Vitelline membrane

The vitelline membrane or vitelline envelope is a structure surrounding the outer surface of the plasma membrane of an ovum (the oolemma) or, in some animals (e.g., birds), the extracellular yolk and the oolemma. It is composed mostly of protein fibers, with protein receptors needed for sperm binding which, in turn, are bound to sperm plasma membrane receptors. The species-specificity between these receptors contributes to prevention of breeding between different species. It is called zona pellucida in mammals.

Vitelline membrane
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Identifiers
Latinmembrana vitellina
Anatomical terminology

As soon as the spermatozoon fuses with the ovum, signal transduction occurs, resulting in an increase of cytoplasmic calcium ions. This itself triggers the cortical reaction, which results in depositing several substances onto the vitelline membrane through exocytosis of the cortical granules, transforming it into a hard layer called the “fertilization membrane”, which serves as a barrier inaccessible to other spermatozoa. This phenomenon is the slow block to polyspermy.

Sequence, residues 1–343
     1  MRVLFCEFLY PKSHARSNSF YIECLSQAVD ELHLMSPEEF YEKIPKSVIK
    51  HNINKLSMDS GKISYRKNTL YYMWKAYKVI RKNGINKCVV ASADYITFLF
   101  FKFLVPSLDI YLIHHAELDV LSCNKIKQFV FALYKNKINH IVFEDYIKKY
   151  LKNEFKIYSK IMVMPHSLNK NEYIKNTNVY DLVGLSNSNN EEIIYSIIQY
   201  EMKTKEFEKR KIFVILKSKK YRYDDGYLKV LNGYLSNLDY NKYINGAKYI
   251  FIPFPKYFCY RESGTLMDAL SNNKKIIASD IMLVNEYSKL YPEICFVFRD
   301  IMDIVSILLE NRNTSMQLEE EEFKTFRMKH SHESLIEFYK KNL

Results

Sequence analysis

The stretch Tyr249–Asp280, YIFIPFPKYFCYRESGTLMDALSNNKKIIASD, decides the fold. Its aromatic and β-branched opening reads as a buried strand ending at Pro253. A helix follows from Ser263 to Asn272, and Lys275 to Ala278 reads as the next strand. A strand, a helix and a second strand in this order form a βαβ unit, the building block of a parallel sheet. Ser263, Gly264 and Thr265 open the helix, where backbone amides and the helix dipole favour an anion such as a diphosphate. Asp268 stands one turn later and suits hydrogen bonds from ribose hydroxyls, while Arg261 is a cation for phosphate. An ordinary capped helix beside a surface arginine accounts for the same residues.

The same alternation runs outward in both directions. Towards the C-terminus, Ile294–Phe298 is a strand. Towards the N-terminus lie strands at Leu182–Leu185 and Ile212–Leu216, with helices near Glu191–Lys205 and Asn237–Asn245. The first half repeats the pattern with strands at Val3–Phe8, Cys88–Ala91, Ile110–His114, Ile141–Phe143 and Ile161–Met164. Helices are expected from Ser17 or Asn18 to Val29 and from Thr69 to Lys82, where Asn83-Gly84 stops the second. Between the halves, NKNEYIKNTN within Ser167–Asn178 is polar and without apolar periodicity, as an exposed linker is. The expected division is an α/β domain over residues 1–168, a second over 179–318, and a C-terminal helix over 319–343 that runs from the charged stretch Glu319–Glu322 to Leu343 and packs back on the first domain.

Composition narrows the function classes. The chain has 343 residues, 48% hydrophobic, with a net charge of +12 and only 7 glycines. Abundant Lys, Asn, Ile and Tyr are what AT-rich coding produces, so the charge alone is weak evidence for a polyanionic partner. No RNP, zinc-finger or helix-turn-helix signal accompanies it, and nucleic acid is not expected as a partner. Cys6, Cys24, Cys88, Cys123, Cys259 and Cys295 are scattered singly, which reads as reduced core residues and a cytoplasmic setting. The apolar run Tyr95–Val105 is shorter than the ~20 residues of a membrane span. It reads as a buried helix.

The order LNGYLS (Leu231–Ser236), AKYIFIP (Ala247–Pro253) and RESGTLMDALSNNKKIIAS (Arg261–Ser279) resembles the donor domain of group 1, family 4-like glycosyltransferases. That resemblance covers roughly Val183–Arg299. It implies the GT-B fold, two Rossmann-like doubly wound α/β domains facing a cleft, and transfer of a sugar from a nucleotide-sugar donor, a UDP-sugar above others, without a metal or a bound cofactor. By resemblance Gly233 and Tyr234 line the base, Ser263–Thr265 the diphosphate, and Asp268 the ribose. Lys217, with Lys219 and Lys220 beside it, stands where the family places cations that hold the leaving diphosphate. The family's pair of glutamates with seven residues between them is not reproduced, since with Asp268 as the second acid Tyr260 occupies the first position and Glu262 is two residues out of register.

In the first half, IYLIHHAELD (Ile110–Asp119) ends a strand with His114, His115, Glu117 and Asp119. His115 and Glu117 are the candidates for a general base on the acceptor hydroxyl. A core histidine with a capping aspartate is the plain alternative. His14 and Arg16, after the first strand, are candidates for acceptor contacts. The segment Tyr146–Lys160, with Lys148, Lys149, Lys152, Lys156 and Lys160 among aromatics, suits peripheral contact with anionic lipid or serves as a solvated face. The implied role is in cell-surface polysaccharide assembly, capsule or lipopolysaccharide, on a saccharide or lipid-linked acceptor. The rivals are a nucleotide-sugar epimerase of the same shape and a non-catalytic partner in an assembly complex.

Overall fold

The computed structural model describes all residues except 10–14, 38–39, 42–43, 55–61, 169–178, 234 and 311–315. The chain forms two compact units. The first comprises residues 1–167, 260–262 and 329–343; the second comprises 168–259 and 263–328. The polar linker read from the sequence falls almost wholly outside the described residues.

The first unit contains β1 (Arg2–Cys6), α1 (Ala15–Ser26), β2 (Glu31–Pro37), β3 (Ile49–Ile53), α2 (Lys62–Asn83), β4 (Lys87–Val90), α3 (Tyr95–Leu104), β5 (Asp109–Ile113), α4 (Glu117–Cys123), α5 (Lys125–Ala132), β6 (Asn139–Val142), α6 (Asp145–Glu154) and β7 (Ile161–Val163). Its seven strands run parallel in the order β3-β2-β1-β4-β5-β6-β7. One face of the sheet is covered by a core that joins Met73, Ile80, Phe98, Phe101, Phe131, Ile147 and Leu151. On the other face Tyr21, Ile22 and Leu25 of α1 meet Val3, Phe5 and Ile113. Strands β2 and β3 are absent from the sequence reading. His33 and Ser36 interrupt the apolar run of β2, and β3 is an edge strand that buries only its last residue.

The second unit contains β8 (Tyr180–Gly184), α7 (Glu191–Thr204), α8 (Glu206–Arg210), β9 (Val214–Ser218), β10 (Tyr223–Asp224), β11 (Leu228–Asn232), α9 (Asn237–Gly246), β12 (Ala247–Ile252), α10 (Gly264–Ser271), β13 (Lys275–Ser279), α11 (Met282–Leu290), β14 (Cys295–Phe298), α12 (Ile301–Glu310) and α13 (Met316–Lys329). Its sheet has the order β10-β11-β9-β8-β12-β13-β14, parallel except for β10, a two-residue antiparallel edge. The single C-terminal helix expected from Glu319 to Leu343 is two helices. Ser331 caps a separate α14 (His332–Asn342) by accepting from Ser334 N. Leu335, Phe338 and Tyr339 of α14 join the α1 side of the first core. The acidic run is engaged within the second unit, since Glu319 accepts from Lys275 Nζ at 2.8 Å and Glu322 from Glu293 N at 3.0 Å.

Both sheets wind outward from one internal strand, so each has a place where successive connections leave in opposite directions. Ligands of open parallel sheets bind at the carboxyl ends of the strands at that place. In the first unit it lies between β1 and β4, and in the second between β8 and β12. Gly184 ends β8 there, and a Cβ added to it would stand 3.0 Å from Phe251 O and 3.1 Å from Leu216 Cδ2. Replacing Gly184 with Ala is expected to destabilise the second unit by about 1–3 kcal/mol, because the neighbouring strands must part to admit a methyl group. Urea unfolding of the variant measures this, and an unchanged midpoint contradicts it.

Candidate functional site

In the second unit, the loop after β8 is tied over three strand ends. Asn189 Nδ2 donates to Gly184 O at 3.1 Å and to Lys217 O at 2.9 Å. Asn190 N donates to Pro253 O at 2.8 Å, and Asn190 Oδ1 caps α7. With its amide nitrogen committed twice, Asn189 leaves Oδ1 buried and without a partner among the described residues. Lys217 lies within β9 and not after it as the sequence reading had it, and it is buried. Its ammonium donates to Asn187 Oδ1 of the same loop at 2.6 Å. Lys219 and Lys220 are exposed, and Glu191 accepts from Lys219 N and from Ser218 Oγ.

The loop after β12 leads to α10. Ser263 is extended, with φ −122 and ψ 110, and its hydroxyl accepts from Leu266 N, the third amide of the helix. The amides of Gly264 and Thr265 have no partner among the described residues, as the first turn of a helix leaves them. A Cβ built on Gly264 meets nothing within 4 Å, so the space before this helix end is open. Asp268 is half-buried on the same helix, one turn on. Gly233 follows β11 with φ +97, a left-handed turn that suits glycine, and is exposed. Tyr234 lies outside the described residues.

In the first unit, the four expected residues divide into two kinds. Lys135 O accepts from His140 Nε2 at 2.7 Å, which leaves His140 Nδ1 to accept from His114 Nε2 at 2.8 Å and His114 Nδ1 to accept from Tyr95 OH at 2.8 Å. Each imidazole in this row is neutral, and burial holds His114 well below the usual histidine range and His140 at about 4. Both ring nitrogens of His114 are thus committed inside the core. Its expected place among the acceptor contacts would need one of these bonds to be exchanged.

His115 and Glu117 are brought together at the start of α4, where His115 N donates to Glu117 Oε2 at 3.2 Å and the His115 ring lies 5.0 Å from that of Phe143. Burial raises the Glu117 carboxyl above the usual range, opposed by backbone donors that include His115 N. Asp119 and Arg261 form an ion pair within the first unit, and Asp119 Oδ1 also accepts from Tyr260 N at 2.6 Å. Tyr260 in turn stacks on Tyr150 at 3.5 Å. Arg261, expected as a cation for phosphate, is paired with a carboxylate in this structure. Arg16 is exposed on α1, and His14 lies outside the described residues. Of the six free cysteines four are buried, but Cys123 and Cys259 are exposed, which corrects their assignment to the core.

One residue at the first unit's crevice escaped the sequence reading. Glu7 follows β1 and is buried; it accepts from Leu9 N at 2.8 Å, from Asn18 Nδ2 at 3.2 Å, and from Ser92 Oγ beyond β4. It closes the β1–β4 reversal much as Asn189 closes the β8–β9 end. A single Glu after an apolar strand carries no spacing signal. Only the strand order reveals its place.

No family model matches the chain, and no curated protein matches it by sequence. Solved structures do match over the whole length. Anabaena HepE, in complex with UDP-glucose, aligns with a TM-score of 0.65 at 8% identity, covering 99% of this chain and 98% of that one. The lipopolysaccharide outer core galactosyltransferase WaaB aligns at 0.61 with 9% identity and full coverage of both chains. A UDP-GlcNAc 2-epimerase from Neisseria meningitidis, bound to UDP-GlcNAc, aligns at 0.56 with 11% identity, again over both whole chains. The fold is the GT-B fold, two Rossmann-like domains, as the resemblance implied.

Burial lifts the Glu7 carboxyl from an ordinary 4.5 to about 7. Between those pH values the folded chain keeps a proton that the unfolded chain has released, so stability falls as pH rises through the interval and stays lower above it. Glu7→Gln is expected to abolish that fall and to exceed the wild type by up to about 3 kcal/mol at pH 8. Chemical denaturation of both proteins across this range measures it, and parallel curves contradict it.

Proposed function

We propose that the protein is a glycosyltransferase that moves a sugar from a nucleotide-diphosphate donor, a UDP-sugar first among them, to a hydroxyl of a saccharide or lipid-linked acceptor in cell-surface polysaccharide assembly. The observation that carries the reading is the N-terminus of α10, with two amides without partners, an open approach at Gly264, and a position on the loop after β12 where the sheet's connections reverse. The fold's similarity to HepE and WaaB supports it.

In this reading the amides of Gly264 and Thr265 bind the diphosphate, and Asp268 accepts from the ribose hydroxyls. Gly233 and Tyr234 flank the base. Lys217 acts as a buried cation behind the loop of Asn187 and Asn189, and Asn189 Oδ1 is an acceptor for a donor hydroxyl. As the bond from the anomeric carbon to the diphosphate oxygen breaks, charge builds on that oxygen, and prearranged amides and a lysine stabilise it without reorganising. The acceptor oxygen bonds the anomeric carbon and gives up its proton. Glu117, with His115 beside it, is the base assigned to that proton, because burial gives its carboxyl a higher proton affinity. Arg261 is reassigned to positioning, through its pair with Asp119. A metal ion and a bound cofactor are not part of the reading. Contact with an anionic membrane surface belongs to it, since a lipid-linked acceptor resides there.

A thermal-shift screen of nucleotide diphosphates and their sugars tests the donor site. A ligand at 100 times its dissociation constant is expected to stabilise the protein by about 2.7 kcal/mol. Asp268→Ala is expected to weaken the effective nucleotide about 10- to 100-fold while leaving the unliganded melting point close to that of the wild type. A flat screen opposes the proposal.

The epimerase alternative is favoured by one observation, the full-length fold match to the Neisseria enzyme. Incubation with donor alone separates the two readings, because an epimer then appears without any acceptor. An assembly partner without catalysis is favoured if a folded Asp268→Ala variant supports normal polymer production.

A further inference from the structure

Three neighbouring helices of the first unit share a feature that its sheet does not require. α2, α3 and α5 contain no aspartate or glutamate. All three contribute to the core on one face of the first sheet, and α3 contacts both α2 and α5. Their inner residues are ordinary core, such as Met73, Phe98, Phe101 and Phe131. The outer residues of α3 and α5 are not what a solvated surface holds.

In insects the vitelline membrane is called the vitelline envelope and is the inner lining of the chorion.

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This article incorporates text in the public domain from the 20th edition of Gray's Anatomy (1918)